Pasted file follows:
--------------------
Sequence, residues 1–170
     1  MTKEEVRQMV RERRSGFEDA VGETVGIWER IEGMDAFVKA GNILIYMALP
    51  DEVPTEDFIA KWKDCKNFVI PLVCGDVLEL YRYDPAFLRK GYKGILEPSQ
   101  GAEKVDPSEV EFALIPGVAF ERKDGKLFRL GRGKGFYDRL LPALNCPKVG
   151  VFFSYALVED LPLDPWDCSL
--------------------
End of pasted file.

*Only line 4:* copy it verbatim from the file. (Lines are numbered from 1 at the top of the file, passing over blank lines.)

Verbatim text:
   101  GAEKVDPSEV EFALIPGVAF ERKDGKLFRL GRGKGFYDRL LPALNCPKVG